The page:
Treasury Secretary Timothy Geithner indicated U.S. patience on China's currency policy was wearing thin on Thursday as a key lawmaker warned that he would move soon on legislation that would penalize Chinese goods.
Striking his toughest tone on the yuan since delaying a decision in early April on whether to name China a currency manipulator, Geithner told a U.S. Senate hearing Chinese policies had a harmful worldwide impact.
"The distortions caused by China's exchange rate spread far beyond China's borders and are an impediment to the global rebalancing we need," Geithner said.
Echoing a refrain he has used since April, he said Beijing would find it in its own interest to have a more flexible yuan, also known as the renminbi.
"A stronger renminbi would benefit China because it would boost the purchasing power of households and encourage firms to shift production for domestic demand, rather than for export," he told the Senate Finance Committee.
U.S. lawmakers, many of whom face re-election in November, believe an undervalued yuan subsidizes Chinese exports at the expense of American competitors. With the U.S. unemployment rate hovering just below 10 percent, many demand action.
"The time is long past for any Treasury Department to admit publicly what everyone else already knows, that China is manipulating the value of its currency in order to gain an unfair advantage in international trade," said Charles Grassley, the senior Republican Senator on the committee.
Democratic Senator Charles Schumer told Geithner to "be prepared" because lawmakers would move forward soon with legislation that would slap anti-dumping penalties and countervailing duties on goods from China and other countries with a "fundamentally misaligned" currency.
After partly freeing its currency to rise gradually from mid-2005 to mid-2008, China repegged the yuan to the dollar at a rate that U.S. lawmakers and some economists say is as much as 40 percent below the actual value.
"The level of undervaluation is back to where it was in 2005. We have not made progress," said Schumer.
Under sharp criticism, Geithner acknowledged that he did not know when China would allow the yuan to rise again.
"I, to be honest, do not know whether we're at the point now when we're going to see meaningful progress in the near term," he said.
Two opportunities for the Chinese to move on the currency -- the U.S.-China Strategic and Economic Dialogue in May and the Group of 20 Finance Ministers meeting in South Korea last week -- passed without any action.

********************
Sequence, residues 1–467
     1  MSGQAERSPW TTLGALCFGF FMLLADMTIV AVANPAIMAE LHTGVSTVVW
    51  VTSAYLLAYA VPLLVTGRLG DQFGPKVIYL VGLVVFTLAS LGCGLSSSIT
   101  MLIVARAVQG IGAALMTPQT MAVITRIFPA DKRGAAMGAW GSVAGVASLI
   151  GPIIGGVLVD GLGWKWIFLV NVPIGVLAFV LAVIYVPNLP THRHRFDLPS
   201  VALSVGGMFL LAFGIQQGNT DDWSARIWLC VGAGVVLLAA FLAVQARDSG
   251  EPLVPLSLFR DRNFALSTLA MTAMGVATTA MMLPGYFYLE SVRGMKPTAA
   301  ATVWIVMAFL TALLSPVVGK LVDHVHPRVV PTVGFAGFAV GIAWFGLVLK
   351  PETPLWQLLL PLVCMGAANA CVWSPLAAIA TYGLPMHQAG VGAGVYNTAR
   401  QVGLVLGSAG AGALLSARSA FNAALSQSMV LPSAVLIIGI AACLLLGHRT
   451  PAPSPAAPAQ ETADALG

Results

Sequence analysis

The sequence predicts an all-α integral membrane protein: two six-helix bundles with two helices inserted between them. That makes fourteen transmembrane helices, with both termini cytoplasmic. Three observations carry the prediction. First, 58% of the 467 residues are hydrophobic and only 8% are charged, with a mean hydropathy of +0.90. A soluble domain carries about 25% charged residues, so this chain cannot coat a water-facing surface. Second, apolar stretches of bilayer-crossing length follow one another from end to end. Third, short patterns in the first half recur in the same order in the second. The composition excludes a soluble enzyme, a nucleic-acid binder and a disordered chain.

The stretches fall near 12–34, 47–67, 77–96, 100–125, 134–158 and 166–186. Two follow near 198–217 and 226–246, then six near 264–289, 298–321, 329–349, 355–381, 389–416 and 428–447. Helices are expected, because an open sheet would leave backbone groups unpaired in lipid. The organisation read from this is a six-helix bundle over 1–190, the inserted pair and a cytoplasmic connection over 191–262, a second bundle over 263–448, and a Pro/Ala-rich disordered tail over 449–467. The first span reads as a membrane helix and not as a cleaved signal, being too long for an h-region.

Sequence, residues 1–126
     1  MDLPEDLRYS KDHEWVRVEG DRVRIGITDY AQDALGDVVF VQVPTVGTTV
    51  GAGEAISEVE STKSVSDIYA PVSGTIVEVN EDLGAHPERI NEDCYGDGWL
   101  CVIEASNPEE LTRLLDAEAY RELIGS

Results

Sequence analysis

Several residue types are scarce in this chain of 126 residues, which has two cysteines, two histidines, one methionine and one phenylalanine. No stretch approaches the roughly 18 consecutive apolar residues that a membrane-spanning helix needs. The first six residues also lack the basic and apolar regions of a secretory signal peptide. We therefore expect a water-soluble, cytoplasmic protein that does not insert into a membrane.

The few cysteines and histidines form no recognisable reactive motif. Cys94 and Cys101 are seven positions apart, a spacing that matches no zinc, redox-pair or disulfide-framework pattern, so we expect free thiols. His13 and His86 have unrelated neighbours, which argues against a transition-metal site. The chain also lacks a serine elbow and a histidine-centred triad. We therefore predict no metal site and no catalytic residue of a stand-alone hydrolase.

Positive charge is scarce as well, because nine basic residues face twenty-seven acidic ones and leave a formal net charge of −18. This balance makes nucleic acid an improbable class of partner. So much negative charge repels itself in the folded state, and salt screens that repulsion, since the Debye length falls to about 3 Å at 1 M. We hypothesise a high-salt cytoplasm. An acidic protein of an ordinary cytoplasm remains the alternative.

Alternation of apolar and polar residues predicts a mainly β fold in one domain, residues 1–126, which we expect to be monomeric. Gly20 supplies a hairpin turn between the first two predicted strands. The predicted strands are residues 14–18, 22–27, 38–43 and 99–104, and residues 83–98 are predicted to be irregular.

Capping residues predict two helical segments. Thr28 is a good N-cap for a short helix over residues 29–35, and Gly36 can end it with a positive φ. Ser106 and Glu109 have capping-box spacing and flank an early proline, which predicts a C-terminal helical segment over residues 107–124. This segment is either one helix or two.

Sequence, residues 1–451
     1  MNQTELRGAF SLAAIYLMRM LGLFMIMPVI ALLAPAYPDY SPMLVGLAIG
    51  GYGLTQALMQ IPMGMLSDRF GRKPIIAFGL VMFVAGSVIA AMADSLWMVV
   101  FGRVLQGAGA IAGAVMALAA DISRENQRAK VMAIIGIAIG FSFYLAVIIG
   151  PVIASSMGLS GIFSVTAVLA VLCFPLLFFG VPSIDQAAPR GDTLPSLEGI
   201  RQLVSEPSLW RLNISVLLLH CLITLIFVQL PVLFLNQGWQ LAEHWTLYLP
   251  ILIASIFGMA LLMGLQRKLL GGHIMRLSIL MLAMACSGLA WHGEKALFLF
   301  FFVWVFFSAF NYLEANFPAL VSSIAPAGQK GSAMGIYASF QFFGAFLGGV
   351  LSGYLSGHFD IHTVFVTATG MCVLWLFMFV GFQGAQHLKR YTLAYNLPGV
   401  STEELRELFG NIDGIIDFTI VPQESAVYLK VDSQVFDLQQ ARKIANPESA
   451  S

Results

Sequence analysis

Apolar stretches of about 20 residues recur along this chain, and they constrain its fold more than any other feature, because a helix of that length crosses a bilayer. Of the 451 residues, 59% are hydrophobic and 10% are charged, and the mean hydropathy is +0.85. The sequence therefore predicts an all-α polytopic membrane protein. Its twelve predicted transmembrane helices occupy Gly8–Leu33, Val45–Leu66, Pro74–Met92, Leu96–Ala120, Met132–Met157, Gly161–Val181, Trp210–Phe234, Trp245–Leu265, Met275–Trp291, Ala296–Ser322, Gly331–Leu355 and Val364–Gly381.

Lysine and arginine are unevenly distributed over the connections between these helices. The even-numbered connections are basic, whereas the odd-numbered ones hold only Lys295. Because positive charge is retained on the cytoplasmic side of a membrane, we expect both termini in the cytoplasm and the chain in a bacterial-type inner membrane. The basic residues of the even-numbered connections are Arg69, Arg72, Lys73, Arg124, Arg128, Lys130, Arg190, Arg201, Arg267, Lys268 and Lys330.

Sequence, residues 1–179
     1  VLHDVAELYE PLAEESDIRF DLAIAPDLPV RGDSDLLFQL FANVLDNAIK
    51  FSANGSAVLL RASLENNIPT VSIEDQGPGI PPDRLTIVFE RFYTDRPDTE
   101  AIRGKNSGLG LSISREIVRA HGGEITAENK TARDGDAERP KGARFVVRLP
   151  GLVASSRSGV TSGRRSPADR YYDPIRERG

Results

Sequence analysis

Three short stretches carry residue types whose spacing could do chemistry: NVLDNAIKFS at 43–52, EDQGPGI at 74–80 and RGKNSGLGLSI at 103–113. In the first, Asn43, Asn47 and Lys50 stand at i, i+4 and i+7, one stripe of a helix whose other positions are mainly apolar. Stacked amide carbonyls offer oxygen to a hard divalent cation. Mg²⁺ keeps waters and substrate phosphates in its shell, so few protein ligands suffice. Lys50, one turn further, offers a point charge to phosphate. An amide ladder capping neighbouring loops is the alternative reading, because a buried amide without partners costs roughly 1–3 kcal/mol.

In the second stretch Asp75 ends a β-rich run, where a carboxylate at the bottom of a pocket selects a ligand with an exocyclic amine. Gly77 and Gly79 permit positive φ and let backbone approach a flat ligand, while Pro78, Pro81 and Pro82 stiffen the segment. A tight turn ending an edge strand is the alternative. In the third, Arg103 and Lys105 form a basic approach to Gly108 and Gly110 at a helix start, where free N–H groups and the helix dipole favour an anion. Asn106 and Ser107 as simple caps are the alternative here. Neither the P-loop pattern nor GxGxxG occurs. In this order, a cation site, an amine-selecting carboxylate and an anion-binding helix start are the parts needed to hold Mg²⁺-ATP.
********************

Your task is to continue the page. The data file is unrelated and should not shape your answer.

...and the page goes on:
The deepening of Europe's debt crisis since April has severely weakened the euro, causing markets to dampen expectations of a yuan shift any time soon.
But new Chinese data released on Thursday showed a robust 48.5 percent jump in exports in May, putting pressure on U.S. President Barack Obama to placate critics. Chinese imports almost rose by nearly as big a margin.
Dollar/yuan offshore forwards reversed earlier rises to fall late on Thursday, implying more yuan appreciation in future. But dealers said there was not a solid uptrend for the yuan for now.
Geithner, who in April delayed a much-anticipated Treasury report on whether Beijing manipulates the value of its yuan, said he would "take stock" of the currency report after the G20 leaders summit in Canada later this month.
Schumer's pressure and broad anti-China sentiment in Congress might help persuade Beijing to move, he said.
"I'm saying that it's important for China to understand that Congress will act if China does not act," added Geithner.
Geithner "played less of a good cop than before" in the face of mounting congressional impatience, said economist Derek Scissors of the Heritage Foundation, a Washington think tank.
"The Chinese need to understand that the closer we get to September, the more likely we are to actually get this legislation passed by Congress," he said, referring to lawmaker's calculations ahead of November elections.
Currency and trade are just one flashpoint in the difficult U.S.-China relationship. Ties were strained this year over human rights, Tibet and U.S. weapons sales to Taiwan.
But Washington won Chinese support for new U.N. sanctions on Iran and has turned to China to help rein in North Korea after a series of provocative actions by Pyongyang.
Senate Finance Committee Chairman Max Baucus said the United States appeared to be withholding criticism of Chinese economic policies in order to enlist Beijing's geopolitical support and should consider "de-linking" the two areas.
"We no longer have the luxury of pursuing failed approaches," said "We must rethink the U.S.-China economic relationship. We must act, not just talk."
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